Register to reply

A question about bacterias traveling in\on asteroids.

by Anonymous_1
Tags: asteroids, bacterias, inon, traveling
Share this thread:
Anonymous_1
#1
Mar21-14, 02:59 PM
P: 5
How long can a bacteria dwell? Can it dwell in space, or would the air be sucked out of it and the cell would be destroyed? Would it have to be incased in an airtight chamber inside an asteroid for it to travel in space? Thanks
Phys.Org News Partner Biology news on Phys.org
Sheepdogs use just two simple rules to round up large herds of sheep
Monarch butterflies plummet 90 percent, need protection
And then there were 10?unexpected diversity in New Zealand kanuka genus Kunzea
Borek
#2
Mar21-14, 03:09 PM
Admin
Borek's Avatar
P: 23,567
Even some higher organisms are capable of surviving conditions on the orbit (Tardigrada), so there is no reason to not believe some bacteria could survive too. I would be surprised if they were not tested by NASA and if the results were impossible to google.
Anonymous_1
#3
Mar21-14, 03:51 PM
P: 5
Would it have to be contained inside an airtight capsule in the asteroid? Wouldn't the vacume in space suck the air out of the bacteria? Wouldn't it be hard to find the molecules needed for reproducing inside an airtight capsule inside a rock? Thanks

tgrigsby
#4
Mar22-14, 01:21 AM
P: 1
A question about bacterias traveling in\on asteroids.

What you're really asking is, would the cell wall of the bacteria withstand the difference between the internal pressure in the cell and the vacuum of space around it? I believe the answer is yes, depending on the species of bacteria and, probably, the external pressure in the environment it was in prior to being subjected to a vacuum. And once it got past the initial imposition of a vacuum, its continued survival would depend on whether its cell wall is capable of holding in the cell contents indefinitely, whether it can survive extreme cold, how much radiation damage it's subjected to, etc. Its internal processes would probably cease until warmth and external pressure were restored, and then only if the cell wall hadn't ruptured or leaked substantially.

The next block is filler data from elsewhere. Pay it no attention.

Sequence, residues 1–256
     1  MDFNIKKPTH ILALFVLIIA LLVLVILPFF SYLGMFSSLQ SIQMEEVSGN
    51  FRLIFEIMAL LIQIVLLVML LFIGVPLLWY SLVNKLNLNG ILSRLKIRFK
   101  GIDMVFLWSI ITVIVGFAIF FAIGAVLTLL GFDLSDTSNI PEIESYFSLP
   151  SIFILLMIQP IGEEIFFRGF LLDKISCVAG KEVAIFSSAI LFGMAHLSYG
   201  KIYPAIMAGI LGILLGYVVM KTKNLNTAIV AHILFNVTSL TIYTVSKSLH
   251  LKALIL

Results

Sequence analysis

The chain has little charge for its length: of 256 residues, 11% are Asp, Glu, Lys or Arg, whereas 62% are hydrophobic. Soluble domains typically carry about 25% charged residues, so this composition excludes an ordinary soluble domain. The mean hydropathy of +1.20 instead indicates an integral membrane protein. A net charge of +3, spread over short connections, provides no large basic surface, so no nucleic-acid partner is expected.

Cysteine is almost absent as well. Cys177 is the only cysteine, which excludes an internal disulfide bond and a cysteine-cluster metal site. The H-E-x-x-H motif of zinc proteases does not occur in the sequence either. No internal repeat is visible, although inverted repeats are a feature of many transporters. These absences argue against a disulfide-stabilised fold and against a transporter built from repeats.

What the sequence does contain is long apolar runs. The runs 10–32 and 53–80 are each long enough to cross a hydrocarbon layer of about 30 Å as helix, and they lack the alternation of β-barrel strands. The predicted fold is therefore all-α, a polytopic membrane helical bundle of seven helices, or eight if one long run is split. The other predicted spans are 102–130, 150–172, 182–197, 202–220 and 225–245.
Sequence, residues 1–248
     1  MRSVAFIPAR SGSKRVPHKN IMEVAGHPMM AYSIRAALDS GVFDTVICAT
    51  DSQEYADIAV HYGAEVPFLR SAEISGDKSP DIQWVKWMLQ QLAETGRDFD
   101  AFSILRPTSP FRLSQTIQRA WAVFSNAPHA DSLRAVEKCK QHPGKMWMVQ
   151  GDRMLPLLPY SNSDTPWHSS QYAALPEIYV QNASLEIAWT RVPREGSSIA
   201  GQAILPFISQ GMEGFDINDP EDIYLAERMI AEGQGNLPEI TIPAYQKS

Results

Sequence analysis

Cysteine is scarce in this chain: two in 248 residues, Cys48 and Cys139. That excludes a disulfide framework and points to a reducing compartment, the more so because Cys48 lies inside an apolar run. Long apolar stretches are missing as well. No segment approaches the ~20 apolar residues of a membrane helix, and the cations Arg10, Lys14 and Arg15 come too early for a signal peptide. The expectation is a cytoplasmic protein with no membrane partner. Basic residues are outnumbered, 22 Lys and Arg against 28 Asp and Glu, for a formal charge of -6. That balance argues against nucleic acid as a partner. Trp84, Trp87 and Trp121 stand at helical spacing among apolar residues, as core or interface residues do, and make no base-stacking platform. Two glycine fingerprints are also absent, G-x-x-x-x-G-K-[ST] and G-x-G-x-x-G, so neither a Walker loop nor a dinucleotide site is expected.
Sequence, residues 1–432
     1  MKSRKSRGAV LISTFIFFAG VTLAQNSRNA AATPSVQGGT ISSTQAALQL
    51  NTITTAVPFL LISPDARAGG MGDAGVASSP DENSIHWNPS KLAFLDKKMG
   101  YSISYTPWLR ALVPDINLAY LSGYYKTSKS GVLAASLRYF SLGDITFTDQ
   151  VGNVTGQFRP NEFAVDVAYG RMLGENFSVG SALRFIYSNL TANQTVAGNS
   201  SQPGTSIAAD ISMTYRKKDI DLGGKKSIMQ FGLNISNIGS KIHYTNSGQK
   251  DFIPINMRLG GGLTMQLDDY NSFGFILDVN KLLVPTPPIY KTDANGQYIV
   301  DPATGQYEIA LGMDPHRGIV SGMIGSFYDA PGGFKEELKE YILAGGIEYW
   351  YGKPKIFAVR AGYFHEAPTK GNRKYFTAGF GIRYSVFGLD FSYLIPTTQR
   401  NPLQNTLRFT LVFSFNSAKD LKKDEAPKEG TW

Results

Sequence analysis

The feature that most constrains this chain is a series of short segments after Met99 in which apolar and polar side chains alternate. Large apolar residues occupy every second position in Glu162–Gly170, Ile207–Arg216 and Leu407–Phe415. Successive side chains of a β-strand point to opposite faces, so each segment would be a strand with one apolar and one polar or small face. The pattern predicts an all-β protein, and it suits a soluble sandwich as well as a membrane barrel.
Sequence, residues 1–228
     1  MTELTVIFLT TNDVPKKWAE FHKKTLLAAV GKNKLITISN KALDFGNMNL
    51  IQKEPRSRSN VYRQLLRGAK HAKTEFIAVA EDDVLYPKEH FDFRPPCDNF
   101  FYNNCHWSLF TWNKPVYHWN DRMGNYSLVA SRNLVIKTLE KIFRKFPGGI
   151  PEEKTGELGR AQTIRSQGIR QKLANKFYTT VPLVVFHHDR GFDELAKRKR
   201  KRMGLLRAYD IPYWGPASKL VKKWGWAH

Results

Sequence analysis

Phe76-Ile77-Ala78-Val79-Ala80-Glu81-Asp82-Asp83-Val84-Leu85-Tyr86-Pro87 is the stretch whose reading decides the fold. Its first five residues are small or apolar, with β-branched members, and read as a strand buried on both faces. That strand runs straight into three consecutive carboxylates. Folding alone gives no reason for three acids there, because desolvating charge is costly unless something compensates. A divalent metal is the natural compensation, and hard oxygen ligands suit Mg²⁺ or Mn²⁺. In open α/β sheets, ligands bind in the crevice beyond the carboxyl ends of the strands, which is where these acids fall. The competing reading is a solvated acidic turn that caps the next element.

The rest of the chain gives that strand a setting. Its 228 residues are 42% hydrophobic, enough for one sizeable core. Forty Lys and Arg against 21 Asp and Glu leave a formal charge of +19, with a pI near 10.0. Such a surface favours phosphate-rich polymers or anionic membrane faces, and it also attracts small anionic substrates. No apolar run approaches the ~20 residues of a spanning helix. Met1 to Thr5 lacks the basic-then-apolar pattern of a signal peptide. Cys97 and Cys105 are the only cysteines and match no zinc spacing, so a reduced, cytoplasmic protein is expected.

Yanick
#5
Mar23-14, 09:28 AM
P: 382
Additionally, some bacteria can make spores which are resistant to temperature extremes, radiation, nutrition deficiencies etc. From memory, spores are basically a, mostly dehydrated, core with some nucleic acids and proteins with several layers of membrane, cell wall and tough peptidoglycan membrane(s) helping to accomplish this resistance to extreme conditions. Googling will bring up some info.
Ygggdrasil
#6
Mar24-14, 03:45 PM
Other Sci
Sci Advisor
P: 1,388
Bacterial spores have been shown to survive atmospheric entry on simulated meteorites:
http://www.ncbi.nlm.nih.gov/pubmed/16379527

Here's a wikipedia page with additional information:
http://en.wikipedia.org/wiki/List_of...in_outer_space
Cosmobrain
#7
Mar24-14, 04:08 PM
P: 66
Quote Quote by Anonymous_1 View Post
Would it have to be contained inside an airtight capsule in the asteroid? Wouldn't the vacume in space suck the air out of the bacteria? Wouldn't it be hard to find the molecules needed for reproducing inside an airtight capsule inside a rock? Thanks
Yes. Aliens build those capsules all the time.
But seriously, bacteria in asteroids don't have to be kept in some sort of a container. It is gravitationally attracted to the asteriod. I'm not sure what you want to know in this thread

cb
berkeman
#8
Mar24-14, 06:12 PM
Mentor
berkeman's Avatar
P: 41,012
(Mentor note -- as you can tell by the italics font in the OP's username, he is no longer with the PF. Not for anything he was asking about in this thread here, BTW.)


Register to reply

Related Discussions
Satellite surrounded by four asteroids question Introductory Physics Homework 5
I have a question for the masses. if you were traveling at 60 mph General Physics 20
Question about traveling in the future Special & General Relativity 3
A particle traveling question Advanced Physics Homework 7
DNA isolation from all bacterias in drinking water Biology 0